Abetting Digital Amnesia Through Parental Care

Many a time, in my OPD, I find young children to be hooked onto I-pad, tablet or smart phones with parents paying little heed to it. In fact, I find many parents even encouraging the 'cell-phone/screen culture' so that they get some time to do their work or relax. Also, playing nursery rhymes on smart phones or tablets while feeding toddlers seem to be a trend these days.

Children especially show this kind of a behaviour when they are not able to connect to the digital world for example if the Wi-Fi stops working, the data pack in the mobile phone is exhausted or there is no internet facility in the vicinity. Further children tend to communicate with strangers in the process and become a victim of exposure to unsuitable content, cyber bullying and compromise on sharing certain personal data without knowing the consequences.

Addiction to the digital world makes them evade real-life interaction. They turn oblivious to their surroundings. This in turn leads to digital addiction and ultimately DIGITAL AMNESIA.

Therefore, it becomes the parents' prime responsibility to lend a helping hand to protect the children from getting victimised, not only in the real world but also in the virtual world. This is calledDIGITAL PARENTING.

The following are some of the methods by which digital parenting can be exercised to make the children comfortable and to negate the undesirable impacts.

1. Be a good digital model - Kids will pay more attention to what you do than what you say. Maintain a good digital habits (clean content, set time limits for yourself, minimal usage of technology in front of your children).

2. Setting boundaries and rules - especially with regard to usage of digital media such as setting the usage time and contents and enforcing controls such as avoid treading into unknown areas, not to establish contact with strangers, putting off tablets, mobiles 2 hours prior to sleep and ensuring that such devices are not present in the bed room etc.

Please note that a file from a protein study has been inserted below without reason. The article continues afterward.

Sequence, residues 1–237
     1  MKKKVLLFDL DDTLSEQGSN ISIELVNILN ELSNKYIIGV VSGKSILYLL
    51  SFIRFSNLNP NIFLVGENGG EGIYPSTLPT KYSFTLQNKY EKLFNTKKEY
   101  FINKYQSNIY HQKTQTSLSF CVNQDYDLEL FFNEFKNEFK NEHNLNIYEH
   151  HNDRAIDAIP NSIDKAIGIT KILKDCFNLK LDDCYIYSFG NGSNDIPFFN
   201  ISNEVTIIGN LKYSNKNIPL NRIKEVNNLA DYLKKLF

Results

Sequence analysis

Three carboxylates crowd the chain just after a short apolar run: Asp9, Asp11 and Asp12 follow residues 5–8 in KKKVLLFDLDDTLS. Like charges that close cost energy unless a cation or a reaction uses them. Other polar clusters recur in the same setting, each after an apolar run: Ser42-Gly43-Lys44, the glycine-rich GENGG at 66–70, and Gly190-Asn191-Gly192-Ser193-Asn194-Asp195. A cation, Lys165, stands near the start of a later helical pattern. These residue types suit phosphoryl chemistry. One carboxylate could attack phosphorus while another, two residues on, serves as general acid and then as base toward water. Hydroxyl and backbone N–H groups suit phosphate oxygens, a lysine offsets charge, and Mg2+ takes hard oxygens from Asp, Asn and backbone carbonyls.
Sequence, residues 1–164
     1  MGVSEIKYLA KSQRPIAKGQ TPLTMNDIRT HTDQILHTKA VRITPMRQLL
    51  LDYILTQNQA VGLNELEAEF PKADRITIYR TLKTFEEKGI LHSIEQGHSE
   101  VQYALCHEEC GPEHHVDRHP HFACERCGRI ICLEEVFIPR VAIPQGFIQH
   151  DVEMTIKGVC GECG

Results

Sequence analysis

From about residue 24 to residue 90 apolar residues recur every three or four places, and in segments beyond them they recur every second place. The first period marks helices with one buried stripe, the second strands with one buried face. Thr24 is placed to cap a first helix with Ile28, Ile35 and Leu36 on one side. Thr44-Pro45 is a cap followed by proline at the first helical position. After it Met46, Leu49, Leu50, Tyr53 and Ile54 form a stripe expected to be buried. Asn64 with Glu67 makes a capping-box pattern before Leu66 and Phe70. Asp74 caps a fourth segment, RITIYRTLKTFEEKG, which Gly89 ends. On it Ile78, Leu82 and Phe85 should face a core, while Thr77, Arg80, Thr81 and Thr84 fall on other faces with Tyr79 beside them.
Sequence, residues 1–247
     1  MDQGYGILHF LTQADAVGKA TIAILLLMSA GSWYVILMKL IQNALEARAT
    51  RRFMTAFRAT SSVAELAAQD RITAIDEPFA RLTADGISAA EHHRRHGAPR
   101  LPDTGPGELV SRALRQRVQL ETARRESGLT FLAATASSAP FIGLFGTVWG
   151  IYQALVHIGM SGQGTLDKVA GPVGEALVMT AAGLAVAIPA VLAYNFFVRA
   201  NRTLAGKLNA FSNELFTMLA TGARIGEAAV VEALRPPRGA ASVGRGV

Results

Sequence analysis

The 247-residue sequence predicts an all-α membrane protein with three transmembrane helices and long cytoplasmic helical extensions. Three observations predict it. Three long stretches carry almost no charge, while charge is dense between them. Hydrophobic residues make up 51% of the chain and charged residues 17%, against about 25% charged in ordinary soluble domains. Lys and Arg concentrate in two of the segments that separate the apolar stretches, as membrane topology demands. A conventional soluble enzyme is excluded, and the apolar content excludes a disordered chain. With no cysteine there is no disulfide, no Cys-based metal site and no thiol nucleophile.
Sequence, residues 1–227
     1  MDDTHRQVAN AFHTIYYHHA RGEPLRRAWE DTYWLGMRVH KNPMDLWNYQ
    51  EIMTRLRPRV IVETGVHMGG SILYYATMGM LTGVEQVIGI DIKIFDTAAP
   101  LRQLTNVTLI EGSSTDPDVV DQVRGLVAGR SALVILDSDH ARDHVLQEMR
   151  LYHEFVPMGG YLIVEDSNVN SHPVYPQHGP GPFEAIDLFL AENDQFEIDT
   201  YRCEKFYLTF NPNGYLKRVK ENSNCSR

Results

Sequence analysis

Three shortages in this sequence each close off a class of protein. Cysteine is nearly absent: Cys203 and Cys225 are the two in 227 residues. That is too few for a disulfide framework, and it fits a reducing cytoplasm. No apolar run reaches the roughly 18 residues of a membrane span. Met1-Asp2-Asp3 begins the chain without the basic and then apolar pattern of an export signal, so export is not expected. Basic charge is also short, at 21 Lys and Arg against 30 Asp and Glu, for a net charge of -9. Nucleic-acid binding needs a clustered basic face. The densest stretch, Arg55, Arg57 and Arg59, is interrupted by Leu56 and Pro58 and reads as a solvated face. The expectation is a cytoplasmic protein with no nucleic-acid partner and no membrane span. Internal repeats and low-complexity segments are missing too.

3. Use parental controls - All the major operating systems, search engines, cell phone providers and gaming platforms provide either free or inexpensive parental control to help you manage the children's online experience. As they grow older, try to switch over from controls to monitoring tools (particularly in setting time limits).

4. Make digital issues a part of their everyday conversation - Parents should openly talk to adolescents about subjects like cyber bullying, sexting and copyright infringement.

5. Cultivate good habits - They should spend time by interacting with children on a day to day basis, inculcate the art of reading books, imbibing in them ethics and values, spending quality time, encouraging outdoor activities, ascertaining their interest and facilitating in choosing hobbies and helping in spending more time with nature.

While the intention is to take advantage of the digital advancement in one's growth, we should be conscious of the risks it poses and play the game with a view to maximise our returns and minimise the negative impacts.


"We should control technology and not the other way around"

Article by Dr. Pushkala, M.S.
MBBS, MD (Paediatrics), PGDID (UNSW-Australia)
Consultant Paediatrician, Kauvery Hospital


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